Every business fears having a competitor that knows its inner-most workings, or worse yet, access to their client base.  The first line of defense is typically prohibiting key employees from working for competitors.  The practice of having employees sign non-competition agreements slowly proliferated from key employees to others that may or may not have had access to vital business information.  The Federal Trade Commission (FTC) issued a rule banning non-competition clauses almost entirely based on the premise that these agreements prevent lower-level employees from realizing his or her value in the marketplace.  It remains to see what legal challenges may bring, but starting in September contracts with non-competes will have to make some changes according to the new rule.  Here’s what you need to know.

While the Federal Trade Commission Act exempts “common carriers” from the FTC’s jurisdiction (see 45 U.S.C. § 45(a)(2)), judicial decisions have limited this exemption only to the common-carriage activities of such businesses. (See FTC v. AT&T Mobility LLC, 883 F.3d 848, 863-864 ((9th Cir. 2018) (stating “[T]his interpretation means that the FTC may regulate common carriers’ non-common-carriage activities”.)) Logistics brokers may be for-hiring common carriers, but the FTC is likely to argue that the signing and enforcement of non-competes are outside their common-carriage activities. Brokers shouldn’t count on this exemption as a guaranteed get-out-of-jail-free card.

The final rule protects “workers”, broadly defined to include any natural person in a paid and unpaid position, specifically including independent contractors and even sole proprietors of businesses. The restriction on enforcing non-competes extends to all “persons”, including all natural persons and any sort of legal entity subject to the FTC’s jurisdiction.

The ban on non-competes has a handful of exceptions.  Existing (but not new) non-competes for “senior executives”[1] are exempted, as are any non-compete clauses related to the sale of a business, an ownership interest in a business, or substantially all of a business’s assets. Otherwise, no new non-compete clauses will be effective, and within 120 days of the rule’s publication, employers must provide any worker covered by an existing non-compete clause with a written notice that the clause will not be enforced.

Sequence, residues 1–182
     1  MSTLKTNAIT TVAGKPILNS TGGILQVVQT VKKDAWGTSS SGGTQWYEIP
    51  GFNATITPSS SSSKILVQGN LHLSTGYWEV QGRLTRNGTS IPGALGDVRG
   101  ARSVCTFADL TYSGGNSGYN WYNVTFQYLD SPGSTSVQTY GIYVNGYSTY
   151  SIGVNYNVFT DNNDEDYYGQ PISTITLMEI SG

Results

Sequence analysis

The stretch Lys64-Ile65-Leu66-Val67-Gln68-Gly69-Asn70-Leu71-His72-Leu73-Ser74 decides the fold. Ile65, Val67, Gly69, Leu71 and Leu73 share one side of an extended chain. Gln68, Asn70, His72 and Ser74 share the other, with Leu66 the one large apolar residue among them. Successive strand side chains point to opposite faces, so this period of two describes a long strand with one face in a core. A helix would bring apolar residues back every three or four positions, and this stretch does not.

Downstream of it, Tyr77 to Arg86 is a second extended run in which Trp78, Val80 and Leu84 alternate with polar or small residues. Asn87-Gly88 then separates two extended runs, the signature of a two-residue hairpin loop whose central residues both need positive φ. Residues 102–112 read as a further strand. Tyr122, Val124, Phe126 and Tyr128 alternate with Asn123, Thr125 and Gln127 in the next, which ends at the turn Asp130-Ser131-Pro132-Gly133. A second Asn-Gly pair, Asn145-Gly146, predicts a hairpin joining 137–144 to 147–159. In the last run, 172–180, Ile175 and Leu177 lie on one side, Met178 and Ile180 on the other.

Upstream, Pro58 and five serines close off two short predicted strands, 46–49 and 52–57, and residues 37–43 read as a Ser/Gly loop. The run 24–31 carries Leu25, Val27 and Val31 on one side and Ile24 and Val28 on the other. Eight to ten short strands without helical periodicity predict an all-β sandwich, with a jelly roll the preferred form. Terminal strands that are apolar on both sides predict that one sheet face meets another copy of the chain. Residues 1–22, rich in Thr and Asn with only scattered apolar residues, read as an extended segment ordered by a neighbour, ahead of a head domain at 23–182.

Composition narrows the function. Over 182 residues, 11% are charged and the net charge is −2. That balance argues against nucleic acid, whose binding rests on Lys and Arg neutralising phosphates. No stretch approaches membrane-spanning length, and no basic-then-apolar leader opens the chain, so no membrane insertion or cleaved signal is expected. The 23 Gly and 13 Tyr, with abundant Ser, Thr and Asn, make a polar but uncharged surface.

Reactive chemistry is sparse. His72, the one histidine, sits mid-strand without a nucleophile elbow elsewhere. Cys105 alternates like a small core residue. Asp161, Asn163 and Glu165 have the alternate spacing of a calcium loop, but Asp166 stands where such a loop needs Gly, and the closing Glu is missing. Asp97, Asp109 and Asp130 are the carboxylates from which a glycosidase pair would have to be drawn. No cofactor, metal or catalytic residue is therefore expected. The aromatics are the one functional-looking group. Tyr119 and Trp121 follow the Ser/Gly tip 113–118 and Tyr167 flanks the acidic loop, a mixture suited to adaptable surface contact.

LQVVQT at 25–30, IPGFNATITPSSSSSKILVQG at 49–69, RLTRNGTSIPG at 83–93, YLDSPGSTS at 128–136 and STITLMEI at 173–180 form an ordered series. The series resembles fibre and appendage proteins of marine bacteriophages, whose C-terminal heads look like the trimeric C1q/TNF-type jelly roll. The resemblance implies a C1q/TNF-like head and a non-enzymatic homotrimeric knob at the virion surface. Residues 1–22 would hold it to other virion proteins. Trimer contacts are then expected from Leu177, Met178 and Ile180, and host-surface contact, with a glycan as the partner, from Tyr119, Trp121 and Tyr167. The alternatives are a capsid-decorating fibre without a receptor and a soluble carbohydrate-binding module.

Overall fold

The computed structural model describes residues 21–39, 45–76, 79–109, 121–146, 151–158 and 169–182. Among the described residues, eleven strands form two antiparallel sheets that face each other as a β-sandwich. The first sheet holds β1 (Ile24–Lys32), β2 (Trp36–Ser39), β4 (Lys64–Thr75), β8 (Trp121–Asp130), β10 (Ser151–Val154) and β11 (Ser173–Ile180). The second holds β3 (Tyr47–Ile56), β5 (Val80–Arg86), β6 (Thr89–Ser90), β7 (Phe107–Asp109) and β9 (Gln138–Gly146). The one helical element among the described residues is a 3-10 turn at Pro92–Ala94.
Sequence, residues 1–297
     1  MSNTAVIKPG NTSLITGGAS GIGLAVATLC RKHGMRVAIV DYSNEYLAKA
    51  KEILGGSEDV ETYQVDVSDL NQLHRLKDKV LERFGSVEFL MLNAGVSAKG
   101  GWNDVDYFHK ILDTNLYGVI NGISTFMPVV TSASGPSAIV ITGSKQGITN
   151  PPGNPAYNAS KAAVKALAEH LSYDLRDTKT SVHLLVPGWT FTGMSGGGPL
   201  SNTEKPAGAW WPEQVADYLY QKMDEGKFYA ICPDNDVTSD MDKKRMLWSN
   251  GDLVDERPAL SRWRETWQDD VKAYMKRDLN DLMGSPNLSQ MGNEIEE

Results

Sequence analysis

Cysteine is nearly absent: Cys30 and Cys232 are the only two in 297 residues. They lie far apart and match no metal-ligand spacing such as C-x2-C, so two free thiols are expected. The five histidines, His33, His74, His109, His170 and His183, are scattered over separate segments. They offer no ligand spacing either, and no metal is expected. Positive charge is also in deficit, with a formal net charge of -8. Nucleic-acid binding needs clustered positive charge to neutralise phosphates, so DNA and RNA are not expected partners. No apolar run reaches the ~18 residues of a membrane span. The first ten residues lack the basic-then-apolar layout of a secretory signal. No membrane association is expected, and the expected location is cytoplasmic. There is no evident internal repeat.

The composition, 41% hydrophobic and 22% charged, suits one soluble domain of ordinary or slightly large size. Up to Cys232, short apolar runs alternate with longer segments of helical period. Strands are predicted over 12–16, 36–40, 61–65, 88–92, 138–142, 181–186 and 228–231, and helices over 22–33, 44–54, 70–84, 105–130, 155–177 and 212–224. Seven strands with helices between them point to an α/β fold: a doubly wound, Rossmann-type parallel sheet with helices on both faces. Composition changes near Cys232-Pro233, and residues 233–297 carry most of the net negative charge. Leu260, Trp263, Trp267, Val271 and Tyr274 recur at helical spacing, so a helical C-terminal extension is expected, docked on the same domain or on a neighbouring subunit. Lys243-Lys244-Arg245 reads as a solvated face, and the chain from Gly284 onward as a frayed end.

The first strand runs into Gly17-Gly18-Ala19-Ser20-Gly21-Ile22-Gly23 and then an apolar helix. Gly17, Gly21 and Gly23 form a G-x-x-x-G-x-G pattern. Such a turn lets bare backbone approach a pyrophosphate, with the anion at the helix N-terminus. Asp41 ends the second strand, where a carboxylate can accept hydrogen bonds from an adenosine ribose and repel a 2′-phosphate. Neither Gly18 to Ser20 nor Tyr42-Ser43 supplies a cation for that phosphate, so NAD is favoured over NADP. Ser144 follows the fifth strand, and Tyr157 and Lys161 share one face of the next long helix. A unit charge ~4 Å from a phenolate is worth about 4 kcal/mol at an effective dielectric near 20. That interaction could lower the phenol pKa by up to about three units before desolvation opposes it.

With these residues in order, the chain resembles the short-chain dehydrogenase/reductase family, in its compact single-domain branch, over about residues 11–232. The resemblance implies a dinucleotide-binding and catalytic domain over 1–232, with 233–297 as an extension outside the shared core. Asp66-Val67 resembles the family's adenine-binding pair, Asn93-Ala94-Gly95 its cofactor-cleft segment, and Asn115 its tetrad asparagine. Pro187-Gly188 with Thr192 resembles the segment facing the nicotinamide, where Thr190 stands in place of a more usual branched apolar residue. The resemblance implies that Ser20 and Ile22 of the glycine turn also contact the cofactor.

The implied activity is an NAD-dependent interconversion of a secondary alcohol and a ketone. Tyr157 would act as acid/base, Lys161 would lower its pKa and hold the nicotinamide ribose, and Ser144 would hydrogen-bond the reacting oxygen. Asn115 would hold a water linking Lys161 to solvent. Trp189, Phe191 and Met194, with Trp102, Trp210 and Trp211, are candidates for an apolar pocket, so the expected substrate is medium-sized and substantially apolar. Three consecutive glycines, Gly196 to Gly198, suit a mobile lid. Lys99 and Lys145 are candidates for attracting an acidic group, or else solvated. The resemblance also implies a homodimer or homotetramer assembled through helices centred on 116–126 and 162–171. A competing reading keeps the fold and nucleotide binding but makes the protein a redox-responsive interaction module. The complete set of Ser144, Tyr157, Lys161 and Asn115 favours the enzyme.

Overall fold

Brokers should review their current contracts and form contracts for owner/operators, executives, dispatch employees, or any other persons to prepare to rescind, remove, or replace non-compete clauses. The FTC rule defines “non-compete clause” to include terms that prohibit or prevent workers from seeking work or operating a business after the conclusion of a work relationship, but limited restrictions on the most sensitive subjects that do not completely foreclose the possibility of competition will probably not be covered. For example, consider replacing non-competes with more limited restrictions on using confidential information an owner/operator obtained in the course of work with a broker, or on soliciting customers that an owner/operator met only through the work relationship with a broker. The comments to the final rule suggest that overly broad non-disclosure or non-solicitation agreements may, depending on the facts, functionally act as non-competes; however, they also approvingly state that “appropriately tailored” non-disclosure and non-solicitation agreements may be used to protect confidential information and client business in lieu of non-competes.

Note that litigation to block the FTC rule has already begun, and there are substantial questions about whether the rule is unconstitutional or exceeds the FTC’s statutory authority. It is very possible that this rule will be judicially blocked, temporarily or permanently.

[1] Defined as a person in a policymaking position with an annual salary of at least $151,164.

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